THC and CBD Not Associated With Driving Impairment, States Study

The administration of THC and CBD is not associated with driving impairment or an increased risk of motor vehicle accidents, according to a newly-released study published by the journal Brain and Behavior.

For the study researchers examined several reports that assessed the driving abilities of people following the use of an oromucosal spray which contains equal parts THC and CBD (Sativex).

“Real-world registries did not show any evidence of an increase in motor vehicle accidents associated with THC:CBD oromucosal spray,” the study reports. “The majority of patients reported an improvement in driving ability after starting THC:CBD oromucosal spray.”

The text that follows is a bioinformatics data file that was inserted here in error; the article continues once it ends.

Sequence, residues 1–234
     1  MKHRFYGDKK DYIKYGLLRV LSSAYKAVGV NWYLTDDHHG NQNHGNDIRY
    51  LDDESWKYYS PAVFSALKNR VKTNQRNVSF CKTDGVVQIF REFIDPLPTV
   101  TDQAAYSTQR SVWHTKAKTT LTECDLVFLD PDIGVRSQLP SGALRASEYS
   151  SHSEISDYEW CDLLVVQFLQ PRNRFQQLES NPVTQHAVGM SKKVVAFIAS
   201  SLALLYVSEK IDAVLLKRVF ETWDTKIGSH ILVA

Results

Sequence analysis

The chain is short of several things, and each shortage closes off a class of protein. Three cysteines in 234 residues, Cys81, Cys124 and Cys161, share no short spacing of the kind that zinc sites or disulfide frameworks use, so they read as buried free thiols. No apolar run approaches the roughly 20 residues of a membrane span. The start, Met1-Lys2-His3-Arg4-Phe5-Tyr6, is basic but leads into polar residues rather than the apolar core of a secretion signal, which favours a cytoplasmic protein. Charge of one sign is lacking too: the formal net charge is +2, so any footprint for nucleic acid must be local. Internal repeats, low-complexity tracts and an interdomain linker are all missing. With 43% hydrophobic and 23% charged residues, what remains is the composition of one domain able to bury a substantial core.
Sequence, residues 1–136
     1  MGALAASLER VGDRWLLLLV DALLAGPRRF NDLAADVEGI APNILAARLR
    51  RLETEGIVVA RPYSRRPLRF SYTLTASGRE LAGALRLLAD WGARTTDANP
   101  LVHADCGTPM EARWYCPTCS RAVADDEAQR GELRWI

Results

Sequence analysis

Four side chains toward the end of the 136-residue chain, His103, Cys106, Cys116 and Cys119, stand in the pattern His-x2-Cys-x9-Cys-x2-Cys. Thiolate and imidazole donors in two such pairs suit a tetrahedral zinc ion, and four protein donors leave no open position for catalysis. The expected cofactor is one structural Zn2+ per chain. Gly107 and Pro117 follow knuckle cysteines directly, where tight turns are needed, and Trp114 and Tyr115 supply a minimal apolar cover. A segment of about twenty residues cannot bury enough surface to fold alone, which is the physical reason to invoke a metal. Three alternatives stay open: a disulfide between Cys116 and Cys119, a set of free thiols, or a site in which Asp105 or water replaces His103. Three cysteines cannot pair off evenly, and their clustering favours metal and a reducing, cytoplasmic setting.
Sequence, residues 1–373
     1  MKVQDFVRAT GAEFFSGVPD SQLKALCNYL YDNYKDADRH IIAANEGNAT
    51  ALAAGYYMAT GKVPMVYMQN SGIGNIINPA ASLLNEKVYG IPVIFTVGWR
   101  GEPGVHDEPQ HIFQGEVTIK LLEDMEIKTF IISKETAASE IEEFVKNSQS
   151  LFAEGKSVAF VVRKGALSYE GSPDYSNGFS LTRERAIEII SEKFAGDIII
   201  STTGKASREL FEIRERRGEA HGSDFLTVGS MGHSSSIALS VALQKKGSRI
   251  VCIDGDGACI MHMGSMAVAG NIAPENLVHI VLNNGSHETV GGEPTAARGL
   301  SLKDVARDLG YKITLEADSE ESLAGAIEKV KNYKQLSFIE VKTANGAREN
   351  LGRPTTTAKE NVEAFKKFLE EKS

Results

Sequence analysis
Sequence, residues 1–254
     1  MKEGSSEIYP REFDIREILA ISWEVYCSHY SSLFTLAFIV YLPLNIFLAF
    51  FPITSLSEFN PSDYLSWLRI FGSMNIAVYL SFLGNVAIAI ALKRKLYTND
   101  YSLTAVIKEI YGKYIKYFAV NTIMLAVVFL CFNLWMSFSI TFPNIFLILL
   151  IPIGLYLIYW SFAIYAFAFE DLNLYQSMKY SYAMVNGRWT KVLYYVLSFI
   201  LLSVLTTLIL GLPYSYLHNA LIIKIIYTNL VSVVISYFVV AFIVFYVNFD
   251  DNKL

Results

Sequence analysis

Researchers conclude by saying “THC:CBD oromucosal spray was shown not to impair driving performance.”

Sativex, which was used for this study, is legal in multiple countries for medical purposes.

Emily Watkins is a PhD student majoring in public policy. Emily has been a freelance editor for numerous websites, and has spent hundreds of hours volunteering to help legalize marijuana. She currently resides in Los Angeles, and can be reached at

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